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UMKC: Leading through scholarly engagement

 

For an urban-serving research university, classroom teaching is the beginning, not the end, of faculty involvement with the community.

Just ask the people at 98 local non-profit organizations, who joined forces with University of Missouri-Kansas City faculty to grow capacity through a Scholarly Engagement program.

“Scholarly Engagement” is the essence of active partnership between a university and its surrounding community. A relationship-based process, it applies the university’s research, resources, and expertise to address community-identified needs and problems. Scholarly engagement uses innovative ideas and discoveries generated by faculty and staff to serve as powerful engines of positive change, enhancing everyone’s quality of life. It is interdisciplinary, demand-driven, and often entrepreneurial. It is the very core of an urban-serving research institution.

The Greater Kansas City Compassion Capital Fund Collaborative project is a classic example of scholarly engagement undertaken by UMKC.

With funding from the U.S. Department of Health and Human Services, UMKC’s Institute for Human Development and Midwest Center for Non-Profit Leadership joined forces to strengthen local non-profits. Many of these organizations work with passion, drive and determination, throwing every ounce of energy into their stated mission. But this leaves little time for stepping back and looking at the bigger picture – growing organizational capacity.

Sustainability. Improving service delivery. Diversifying funding streams. Developing leadership. Building board cohesiveness and direction. Essentially, the future.

Through the Compassion Capital project, faith-based and community organizations with annual budgets of less than $500,000 were given an opportunity to partner with UMKC faculty; 98  local non-profits responded.

Work began as the UMKC team led the organizations through a self-assessment process. Seventy-six completed the self-assessment and received an individualized report written by a GKC-CCFC team member.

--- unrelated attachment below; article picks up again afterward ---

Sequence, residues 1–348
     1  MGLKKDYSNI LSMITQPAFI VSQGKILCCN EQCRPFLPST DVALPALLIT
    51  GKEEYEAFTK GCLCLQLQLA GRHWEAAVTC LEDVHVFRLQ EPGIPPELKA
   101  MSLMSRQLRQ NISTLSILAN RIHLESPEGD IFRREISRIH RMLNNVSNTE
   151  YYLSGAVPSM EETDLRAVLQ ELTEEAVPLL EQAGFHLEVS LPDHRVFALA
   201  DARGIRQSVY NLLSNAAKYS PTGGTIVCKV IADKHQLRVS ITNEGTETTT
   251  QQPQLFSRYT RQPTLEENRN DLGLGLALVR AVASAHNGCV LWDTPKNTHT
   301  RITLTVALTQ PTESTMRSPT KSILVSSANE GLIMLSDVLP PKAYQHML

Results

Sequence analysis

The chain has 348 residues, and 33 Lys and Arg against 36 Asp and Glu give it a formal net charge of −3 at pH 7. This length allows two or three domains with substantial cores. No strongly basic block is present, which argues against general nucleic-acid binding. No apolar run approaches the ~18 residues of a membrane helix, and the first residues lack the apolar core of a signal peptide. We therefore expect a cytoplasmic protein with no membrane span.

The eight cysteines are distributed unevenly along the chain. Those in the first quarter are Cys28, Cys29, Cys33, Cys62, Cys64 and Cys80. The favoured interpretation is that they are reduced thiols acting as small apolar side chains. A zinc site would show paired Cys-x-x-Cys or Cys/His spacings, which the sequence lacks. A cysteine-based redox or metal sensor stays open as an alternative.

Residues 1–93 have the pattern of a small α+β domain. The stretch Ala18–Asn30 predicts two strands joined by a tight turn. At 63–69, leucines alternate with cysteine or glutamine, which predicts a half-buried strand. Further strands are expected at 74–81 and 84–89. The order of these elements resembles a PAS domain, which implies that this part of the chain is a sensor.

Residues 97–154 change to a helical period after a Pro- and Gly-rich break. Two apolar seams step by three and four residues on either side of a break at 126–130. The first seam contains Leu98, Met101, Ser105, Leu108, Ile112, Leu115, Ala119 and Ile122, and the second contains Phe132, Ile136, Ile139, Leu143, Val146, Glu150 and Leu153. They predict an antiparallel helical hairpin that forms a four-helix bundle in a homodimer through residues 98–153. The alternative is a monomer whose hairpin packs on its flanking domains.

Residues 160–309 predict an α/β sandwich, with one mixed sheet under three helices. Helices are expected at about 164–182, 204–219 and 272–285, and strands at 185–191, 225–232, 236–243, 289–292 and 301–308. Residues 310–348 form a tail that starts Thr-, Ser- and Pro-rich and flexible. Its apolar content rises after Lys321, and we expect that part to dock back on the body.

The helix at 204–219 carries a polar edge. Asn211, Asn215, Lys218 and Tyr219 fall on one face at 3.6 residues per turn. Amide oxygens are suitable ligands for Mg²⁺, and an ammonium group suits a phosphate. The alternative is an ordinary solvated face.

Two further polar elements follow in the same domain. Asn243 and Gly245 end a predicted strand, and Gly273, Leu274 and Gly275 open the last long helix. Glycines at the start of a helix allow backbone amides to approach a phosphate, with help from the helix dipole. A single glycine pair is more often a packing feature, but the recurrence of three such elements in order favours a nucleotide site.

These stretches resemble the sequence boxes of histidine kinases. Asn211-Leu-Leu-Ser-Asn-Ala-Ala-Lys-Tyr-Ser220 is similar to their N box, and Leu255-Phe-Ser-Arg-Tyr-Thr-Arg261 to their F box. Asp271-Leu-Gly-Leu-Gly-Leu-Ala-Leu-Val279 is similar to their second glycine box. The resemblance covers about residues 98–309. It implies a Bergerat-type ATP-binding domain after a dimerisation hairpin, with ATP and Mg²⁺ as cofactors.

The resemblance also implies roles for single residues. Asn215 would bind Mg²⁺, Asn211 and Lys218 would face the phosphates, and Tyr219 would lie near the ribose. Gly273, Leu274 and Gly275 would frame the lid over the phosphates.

Twelve organizations were selected for sub-award grants through a competitive application process. Each received more intensive support: technical assistance, one-on-one instruction from a capacity coach, and dedicated funding.

All 98 organizations, as well as other local non-profits, were invited to join in training sessions targeting capacity needs: Program Development and Evaluation; Marketing; Governance; Strategic Management; and Fundraising – Annual Development Fund.

According to Katherine Kelly, GKC-CCFC participant and executive director of Cultivate Kansas City, the project succeeded.

“It’s really hard to get funding for the kind of organization building that gives an organization structure, strength, continuity,” said Kelly. “We were incredibly grateful to get it. It wasn’t always easy. It was a long and hard process. But I feel really confident that the grant gave us a good grounding to impact the city in the years to come.”

Greater Kansas City Compassion Capital Fund Collaborative participants include:

  • Argentine Neighborhood Development Association
  • ArtsTech
  • Cultivate Kansas City
  • Community Assistance Council, Inc.
  • Downtown Outreach
  • Education First, Athletics Second Coalition
  • Grandview Park Presbyterian Church
  • HopeBUILDERS Home Repair, Inc.
  • Neighbor to Neighbor Foundation
  • Kansas Advocates for Better Care
  • NorthEastminster Presbyterian Church
  • Wildwood Outdoor Education Center

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"It was a long and hard process. But I feel really confident that the grant gave us a good grounding to impact the city in the years to come.”

Katherine Kelly
Executive Director of Cultivate Kansas City